Hey, if you want, you can play the song of the day while reading the post! That way its not like, "Aww... I just read this, now he wants me to listen a song? Man..."
Let's talk about blood!
Okay, here's a word I'm sure you've all heard of. I mean, its practically common knowledge at this point. Hematidrosis. You know that one, right?
Hematidrosis is an extremely rare medical condition --- in fact, spell-check is currently telling me it's not a word. It is, though (check http://www.ncbi.nlm.nih.gov/pubmed/8982961) if you don't believe me.
It is an extremely rare condition that is characterized by sweating blood, or sweat tinged with red blood cells. It is caused by acute fear and intense mental contemplation. The kind of things someone may feel if they were, say, going to be ripped apart with a whip then hung on a cross.
Luke 22:44 takes place on the Mount of Olives, just before the betrayal, and Jesus is praying earnestly, because he knows what is about to take place. It reads: "And being in anguish, he prayed more earnestly, and his sweat was like drops of blood falling to the ground."
This detail is only found in Luke. I suspect this is because Luke was a physician, and he would have been particularly intrigued by this phenomenon. There is almost no chance whatsoever than he would have seen this happen before; the page I linked above says "Hematidrosis is an extremely rare clinical phenomenon with only few instances reported to have occurred within the twentieth century." The likelihood that someone would have made up that detail is minute; it would have been regarded as ridiculous... unless someone actually saw it happen.
Now, more blood! (Well, this time the water is important.)
Okay, lets say I pierce the side of a dead guy with a spear. What kind of things do you expect to come out.
Blood, maybe some guts, right? If you're in the medical field, you may know more, but hey, blood and guts sounds about right. If I were to make up a story about a guy getting stabbed in the side after he was dead, I'd say blood and guts spewed out.
And yet, in John 19:34, he writes, "Instead [of breaking his legs], one of the soldiers pierced Jesus' side with a spear, bringing a sudden flow of blood and water." Now, this is not as rare as hematidrosis, but it isn't something that you would just make up. John certainly wouldn't have had extensive knowledge about why stabbing a dead guy with a spear would bring out blood and water.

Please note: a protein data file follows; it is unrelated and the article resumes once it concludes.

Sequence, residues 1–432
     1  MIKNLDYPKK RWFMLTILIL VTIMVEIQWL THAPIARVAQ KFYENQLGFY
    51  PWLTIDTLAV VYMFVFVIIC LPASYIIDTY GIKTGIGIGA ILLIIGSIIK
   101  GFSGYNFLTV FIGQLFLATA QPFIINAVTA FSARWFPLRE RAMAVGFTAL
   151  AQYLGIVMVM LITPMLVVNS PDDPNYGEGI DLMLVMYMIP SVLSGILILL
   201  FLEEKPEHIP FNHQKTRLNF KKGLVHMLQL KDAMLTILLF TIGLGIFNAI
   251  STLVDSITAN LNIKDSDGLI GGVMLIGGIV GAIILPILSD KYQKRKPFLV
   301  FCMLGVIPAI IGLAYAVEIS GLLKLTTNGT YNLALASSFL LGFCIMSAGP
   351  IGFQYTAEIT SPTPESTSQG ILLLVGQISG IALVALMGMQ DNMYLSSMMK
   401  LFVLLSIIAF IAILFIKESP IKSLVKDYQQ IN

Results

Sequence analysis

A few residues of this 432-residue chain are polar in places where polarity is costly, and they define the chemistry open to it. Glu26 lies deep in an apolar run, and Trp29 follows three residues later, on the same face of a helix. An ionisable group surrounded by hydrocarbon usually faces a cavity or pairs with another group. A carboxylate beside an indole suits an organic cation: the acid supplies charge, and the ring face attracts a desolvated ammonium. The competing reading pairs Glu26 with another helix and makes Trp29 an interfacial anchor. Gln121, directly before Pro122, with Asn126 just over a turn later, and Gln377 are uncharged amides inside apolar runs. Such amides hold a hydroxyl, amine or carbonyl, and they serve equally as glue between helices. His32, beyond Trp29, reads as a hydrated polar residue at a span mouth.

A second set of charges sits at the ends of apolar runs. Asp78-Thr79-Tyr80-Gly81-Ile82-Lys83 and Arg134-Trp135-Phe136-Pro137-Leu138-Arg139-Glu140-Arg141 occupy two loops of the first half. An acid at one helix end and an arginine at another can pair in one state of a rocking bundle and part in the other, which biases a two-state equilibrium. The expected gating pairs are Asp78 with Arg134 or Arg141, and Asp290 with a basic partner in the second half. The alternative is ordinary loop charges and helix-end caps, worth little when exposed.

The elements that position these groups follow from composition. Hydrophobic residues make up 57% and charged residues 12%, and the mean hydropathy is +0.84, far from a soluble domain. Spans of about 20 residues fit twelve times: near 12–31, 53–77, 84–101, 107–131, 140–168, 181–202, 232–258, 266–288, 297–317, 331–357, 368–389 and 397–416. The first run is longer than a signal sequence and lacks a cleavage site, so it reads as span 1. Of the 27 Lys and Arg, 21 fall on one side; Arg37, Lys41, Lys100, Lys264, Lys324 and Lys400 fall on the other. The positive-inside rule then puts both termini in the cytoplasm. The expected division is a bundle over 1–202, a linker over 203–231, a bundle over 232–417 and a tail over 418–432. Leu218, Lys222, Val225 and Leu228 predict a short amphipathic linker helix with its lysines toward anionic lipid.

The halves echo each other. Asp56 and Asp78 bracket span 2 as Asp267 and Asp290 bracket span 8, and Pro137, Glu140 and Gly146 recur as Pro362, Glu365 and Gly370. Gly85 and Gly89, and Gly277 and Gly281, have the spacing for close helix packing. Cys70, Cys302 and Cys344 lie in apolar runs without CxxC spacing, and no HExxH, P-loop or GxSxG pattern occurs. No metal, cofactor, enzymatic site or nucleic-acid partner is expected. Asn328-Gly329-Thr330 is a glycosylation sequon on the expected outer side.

(side note: another reason this passage is important is because it fulfills a prophecy written hundreds of years earlier, one that Jesus could not possibly have control of)
The water is because of a thing called plueral effusion (or possibly pericardial effusion). Plueral effusion is a build-up of fluid around the lungs, and pericardial effusion is a build up of fluid around the heart. This build up can be caused by several different factors present leading up to Jesus' death (you can google them if you wish, this is getting a bit long for my taste). Basically, fluid can build up around the lungs and heart under certain conditions.
So fluid built up around Jesus' lungs and heart, and then the soldier pierced his side (likely in the heart area). The fluid would have looked like water to the average observer, and it would have been accompanied by blood from the heart. And so, the only reason someone would write "blood and water" would be if they actually saw blood and water flow out of Jesus' side.
Now, to the overall point of this post. These little details are just two of the details that can help prove that what is attested to in the Gospels was actually witnessed, and that the authors did not make up the things they wrote about Jesus' life. It helps prove that the Gospels are an eyewitness account, and not, as some would say, the product of rumor-mongering and storytelling.
Song of the Day: At the Cross (Love Ran Red) by Chris Tomlin